I want to hit four of these most common mistakes so you can simply skip them! I promise you, I’ve made them all and there’s really no reason to go back there. Most importantly, once you get your foot in the door for an investor meeting, you want to keep it going. The four common mistakes I’m going to address are assumptions, making promises you won’t keep, talking too much and looking desperate.

Today we’re talking ASSUMPTIONS. The assumptions we make can go over the top and they can be so obvious, but we do it all the time. We’re not supposed to walk around society and profile, make assumptions about somebody – it’s that “don’t read a book by its cover” thing. As we’re going through our investor conversations, we do that a lot. We make assumptions that can derail this conversation. It shows a lack of discipline on our part.


If I have someone in my office talking about an investment and I realize they are making assumptions about their market, what they know about me, how their product or service is going to be received by the market, or how they’re going to market, I’m going to have a lot of questions. For example, if I already have a relationship with this person and they bring me a complete business plan, I can tell that s/he has really thought through this and have asked enough questions to really know what they’re talking about. That shows me that they’re very, very disciplined and that they’re actually committed to not just a really cool idea that makes them feel good, but something that can actually be done. I can have confidence that they’re going to be able to see the road ahead and not make assumptions with my money.

You don’t want an investor saying, “Well, you made an assumption about something simple, I’d hate to see what you’d do with a lot of cash.”


It’s not just discipline. Discipline is so important to an investor to know that you’ve got the grit to push through. A lack of information is super, super scary. Your investor probably knows by experience that there are some cliffs out there, some huge holes, and some sinkholes that you’re going to get mired down in. That’s reality, that’s life. There’s nothing wrong with admitting to those things. The investment dollars are to help you get around or through those, but you have to know the information.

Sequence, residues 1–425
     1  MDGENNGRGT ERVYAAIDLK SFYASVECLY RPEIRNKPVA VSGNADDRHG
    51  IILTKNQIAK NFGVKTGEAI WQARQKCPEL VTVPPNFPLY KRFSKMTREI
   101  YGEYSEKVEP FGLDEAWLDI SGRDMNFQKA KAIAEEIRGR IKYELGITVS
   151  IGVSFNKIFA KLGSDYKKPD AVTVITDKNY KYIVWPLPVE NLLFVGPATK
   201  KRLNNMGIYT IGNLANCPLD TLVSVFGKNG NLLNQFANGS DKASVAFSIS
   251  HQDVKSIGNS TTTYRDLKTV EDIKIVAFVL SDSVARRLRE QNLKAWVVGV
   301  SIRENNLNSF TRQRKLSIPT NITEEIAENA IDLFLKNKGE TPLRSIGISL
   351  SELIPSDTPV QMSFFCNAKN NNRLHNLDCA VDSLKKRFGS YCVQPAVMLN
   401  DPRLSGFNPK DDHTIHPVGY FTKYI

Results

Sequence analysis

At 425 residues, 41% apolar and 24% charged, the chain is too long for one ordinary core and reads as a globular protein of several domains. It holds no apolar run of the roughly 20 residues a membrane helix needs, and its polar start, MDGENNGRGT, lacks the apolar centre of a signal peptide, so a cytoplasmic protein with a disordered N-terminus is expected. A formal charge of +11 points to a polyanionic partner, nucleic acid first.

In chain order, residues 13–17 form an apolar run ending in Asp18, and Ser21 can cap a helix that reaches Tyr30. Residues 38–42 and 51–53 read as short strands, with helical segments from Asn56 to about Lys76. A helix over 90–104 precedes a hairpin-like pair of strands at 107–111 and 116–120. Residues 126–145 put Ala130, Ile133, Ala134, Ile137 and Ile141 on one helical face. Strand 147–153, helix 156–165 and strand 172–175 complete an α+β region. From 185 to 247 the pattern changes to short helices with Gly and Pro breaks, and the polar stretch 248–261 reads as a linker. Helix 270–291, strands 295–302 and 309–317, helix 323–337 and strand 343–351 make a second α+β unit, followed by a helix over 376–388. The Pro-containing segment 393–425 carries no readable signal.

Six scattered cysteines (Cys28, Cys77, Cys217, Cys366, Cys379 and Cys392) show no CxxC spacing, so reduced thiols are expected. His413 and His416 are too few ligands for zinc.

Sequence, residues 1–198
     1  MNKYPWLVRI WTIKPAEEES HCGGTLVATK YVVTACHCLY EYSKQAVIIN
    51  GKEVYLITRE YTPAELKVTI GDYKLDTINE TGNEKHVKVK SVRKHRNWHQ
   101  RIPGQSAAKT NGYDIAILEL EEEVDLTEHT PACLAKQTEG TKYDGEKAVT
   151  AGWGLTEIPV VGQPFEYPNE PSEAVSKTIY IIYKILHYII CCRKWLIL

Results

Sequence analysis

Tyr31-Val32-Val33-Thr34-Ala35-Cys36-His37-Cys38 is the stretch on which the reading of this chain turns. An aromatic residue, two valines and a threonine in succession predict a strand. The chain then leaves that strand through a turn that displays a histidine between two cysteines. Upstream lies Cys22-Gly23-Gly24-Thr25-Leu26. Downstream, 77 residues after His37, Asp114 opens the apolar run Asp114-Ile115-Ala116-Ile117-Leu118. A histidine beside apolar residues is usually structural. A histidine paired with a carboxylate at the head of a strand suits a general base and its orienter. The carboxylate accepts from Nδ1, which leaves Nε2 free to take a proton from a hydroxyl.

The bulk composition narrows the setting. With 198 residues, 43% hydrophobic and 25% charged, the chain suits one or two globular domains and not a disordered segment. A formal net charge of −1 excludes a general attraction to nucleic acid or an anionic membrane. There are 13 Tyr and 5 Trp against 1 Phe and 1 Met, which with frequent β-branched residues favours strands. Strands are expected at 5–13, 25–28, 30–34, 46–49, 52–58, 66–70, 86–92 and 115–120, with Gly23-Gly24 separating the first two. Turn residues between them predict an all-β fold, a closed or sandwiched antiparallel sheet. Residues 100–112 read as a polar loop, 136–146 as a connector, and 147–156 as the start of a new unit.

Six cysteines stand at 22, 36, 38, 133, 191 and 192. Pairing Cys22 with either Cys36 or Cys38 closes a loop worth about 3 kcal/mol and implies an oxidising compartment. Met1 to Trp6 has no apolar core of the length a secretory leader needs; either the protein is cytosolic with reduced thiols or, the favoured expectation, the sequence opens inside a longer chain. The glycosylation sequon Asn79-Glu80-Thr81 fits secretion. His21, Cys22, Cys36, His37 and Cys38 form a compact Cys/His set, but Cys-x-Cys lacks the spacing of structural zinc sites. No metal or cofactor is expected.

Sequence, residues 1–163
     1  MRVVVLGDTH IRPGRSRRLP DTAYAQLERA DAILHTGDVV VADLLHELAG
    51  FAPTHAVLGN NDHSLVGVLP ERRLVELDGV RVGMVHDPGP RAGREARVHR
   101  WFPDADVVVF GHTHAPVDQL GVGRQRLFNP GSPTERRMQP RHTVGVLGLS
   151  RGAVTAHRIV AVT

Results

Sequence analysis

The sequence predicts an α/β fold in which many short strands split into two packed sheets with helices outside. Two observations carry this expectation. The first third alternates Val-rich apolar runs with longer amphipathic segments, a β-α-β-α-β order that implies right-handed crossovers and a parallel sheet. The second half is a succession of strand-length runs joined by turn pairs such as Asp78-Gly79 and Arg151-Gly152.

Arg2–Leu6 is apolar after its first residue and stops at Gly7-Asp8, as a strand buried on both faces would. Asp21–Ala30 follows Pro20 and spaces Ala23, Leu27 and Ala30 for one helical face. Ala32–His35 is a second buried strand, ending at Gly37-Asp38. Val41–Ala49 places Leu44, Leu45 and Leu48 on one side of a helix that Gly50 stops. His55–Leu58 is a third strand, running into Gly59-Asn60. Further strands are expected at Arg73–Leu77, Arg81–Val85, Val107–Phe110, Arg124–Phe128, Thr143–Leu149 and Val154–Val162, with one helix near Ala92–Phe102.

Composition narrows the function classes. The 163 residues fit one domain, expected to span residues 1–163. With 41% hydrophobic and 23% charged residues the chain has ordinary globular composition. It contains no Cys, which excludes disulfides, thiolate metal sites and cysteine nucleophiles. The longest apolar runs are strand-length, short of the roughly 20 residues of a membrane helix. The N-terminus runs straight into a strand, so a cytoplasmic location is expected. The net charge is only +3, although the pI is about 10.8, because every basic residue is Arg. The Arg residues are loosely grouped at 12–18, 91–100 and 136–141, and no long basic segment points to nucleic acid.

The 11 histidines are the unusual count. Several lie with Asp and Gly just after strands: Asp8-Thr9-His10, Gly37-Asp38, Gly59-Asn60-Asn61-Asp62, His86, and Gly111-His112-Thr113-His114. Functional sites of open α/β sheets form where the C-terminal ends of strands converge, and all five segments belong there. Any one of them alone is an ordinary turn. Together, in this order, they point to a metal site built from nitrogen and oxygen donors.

You have to have walked that path, looked down that path with a flashlight. Make sure that you can identify those huge holes for your investor and say, “Yes, I’ve done my homework. I know what’s out there that’s why I’m asking you for the investment. I’ve calculated it, I understand the risk, I understand the opportunity and I see how we can do this.” That’s good information. It’s a whole lot better than saying it’s going to be the easiest thing in the world. Everybody knows that there’s nothing that easy in business. Anybody who has investment experience knows there’s risks. It’s okay, you can calculate it, you can work through it many times. If somebody doesn’t understand that there are risks, that’s usually a huge red flag to investors. Good or bad things, risks or opportunities – you need to have information.


Making assumptions shows a lack of care. Care meaning “I’m thinking for the investor here.” So, if I’m making assumptions about the investor or about the market, it shows the general lack of care. You’re asking for someone to give you what they have worked long and hard for (which has probably taken them decades) to put in the bank. They may be making money hand over fist and you think, “Hey, what’s an extra $100,000 or an extra $1,000,000 to this person? They’re so rich, it doesn’t matter.” It does. They understand the value of a dollar, that’s why they have so many. They understand how to get them and how to keep them.

Not making assumptions shows the investor that you truly do care about them and their investment because they do really want that money back. Show them you care about them enough to care about their money and to try to put it back very safely in their hands in pretty short order.